Drug Dosage: The authors and the publisher have exerted every effort to ensure that drug selection and dosage set forth in this text are in accord with current recommendations and practice at the time of publication. However, in view of ongoing research, changes in government regulations, and the constant flow of information relating to drug therapy and drug reactions, the reader is urged to check the package insert for each drug for any changes in indications and dosage and for added warnings and precautions. This is particularly important when the recommended agent is a new and/or infrequently employed drug.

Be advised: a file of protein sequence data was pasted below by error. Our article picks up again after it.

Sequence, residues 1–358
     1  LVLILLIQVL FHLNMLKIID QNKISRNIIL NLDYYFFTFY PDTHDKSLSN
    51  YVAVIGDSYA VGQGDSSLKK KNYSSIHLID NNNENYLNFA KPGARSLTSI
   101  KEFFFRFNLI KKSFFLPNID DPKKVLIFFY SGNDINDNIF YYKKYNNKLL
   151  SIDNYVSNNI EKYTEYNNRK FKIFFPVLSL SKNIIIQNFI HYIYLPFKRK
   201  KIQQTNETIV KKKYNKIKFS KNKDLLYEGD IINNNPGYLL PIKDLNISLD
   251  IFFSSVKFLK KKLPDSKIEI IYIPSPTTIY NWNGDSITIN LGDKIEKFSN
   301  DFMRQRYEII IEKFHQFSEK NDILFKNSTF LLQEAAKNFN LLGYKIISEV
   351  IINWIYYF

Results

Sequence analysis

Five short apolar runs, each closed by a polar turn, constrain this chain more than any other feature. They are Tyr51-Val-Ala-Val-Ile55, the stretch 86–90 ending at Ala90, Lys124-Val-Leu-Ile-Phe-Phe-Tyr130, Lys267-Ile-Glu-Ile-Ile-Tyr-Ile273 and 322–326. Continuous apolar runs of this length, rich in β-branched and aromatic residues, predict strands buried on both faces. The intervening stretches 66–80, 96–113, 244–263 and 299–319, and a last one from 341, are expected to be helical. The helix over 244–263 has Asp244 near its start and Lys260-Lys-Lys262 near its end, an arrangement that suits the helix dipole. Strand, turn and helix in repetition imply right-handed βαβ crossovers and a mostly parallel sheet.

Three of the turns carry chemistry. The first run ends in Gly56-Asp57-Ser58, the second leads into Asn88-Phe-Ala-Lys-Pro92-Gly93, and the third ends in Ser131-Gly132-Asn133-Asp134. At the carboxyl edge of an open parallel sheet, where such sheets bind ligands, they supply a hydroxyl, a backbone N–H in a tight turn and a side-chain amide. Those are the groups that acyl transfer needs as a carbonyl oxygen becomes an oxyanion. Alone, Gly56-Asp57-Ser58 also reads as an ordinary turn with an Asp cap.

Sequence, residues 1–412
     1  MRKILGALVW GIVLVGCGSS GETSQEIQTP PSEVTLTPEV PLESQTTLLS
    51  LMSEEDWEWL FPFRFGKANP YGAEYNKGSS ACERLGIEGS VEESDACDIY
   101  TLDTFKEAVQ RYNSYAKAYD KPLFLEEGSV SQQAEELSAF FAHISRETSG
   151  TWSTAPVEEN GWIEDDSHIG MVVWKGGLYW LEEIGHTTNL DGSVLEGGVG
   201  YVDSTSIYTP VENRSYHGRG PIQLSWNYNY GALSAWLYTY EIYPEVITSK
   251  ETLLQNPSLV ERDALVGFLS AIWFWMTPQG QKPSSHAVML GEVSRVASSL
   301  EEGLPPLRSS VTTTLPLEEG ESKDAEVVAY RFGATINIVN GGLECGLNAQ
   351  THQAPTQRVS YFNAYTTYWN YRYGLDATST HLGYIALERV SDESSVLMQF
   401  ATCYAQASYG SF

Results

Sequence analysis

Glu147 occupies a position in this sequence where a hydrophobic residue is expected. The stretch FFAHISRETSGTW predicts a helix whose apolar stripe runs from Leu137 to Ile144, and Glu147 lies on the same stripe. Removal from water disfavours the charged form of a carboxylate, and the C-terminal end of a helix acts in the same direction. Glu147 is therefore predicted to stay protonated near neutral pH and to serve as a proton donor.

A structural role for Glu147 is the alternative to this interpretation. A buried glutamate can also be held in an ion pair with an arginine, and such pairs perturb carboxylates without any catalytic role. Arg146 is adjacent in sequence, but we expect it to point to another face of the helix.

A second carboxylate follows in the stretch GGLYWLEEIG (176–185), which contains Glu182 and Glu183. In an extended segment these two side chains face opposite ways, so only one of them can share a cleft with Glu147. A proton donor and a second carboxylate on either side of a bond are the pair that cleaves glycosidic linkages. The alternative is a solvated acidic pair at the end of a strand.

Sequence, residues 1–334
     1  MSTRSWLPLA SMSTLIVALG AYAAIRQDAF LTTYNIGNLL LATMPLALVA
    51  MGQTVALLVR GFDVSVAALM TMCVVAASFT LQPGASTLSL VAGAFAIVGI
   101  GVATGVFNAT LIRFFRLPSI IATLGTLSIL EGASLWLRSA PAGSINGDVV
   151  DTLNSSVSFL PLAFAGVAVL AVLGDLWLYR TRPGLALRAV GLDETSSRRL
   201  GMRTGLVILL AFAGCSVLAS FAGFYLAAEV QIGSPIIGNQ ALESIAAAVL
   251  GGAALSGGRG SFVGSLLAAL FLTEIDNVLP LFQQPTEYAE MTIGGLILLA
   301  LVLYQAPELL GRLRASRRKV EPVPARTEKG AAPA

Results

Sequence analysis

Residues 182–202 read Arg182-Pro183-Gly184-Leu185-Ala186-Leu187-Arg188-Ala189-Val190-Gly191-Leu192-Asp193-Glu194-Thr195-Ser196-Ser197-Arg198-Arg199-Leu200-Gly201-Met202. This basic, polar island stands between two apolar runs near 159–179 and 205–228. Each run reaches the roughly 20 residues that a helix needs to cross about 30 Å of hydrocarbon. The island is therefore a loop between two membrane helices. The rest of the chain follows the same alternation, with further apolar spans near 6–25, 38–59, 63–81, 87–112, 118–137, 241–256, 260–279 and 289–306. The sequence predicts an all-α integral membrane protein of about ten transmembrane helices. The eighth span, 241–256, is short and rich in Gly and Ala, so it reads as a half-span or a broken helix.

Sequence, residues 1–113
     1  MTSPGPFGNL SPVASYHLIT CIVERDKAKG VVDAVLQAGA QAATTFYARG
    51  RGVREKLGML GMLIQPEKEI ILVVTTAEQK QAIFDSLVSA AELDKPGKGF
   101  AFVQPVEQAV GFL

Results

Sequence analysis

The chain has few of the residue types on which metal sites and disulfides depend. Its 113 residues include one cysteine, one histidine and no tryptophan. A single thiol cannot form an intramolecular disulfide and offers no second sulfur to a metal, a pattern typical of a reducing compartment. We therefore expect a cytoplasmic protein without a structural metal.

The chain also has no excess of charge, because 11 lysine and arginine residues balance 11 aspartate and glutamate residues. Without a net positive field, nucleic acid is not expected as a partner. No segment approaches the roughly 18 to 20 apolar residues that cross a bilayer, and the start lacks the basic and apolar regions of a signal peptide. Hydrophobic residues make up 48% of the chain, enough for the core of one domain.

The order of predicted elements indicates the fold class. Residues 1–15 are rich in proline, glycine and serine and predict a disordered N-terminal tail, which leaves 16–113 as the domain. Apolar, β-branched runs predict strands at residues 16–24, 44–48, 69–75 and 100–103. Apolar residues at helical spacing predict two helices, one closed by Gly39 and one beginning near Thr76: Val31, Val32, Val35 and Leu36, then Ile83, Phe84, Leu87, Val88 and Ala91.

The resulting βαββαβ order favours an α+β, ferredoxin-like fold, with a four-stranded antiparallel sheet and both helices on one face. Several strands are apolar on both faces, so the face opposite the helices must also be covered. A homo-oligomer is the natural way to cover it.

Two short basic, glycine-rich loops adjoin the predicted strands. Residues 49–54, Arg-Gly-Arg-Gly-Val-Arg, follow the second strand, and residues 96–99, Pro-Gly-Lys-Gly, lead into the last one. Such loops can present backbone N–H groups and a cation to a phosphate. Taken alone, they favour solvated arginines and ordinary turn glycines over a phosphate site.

Disclaimer: The statements, opinions and data contained in this publication are solely those of the individual authors and contributors and not of the publishers and the editor(s). The appearance of advertisements or/and product references in the publication is not a warranty, endorsement, or approval of the products or services advertised or of their effectiveness, quality or safety. The publisher and the editor(s) disclaim responsibility for any injury to persons or property resulting from any ideas, methods, instructions or products referred to in the content or advertisements.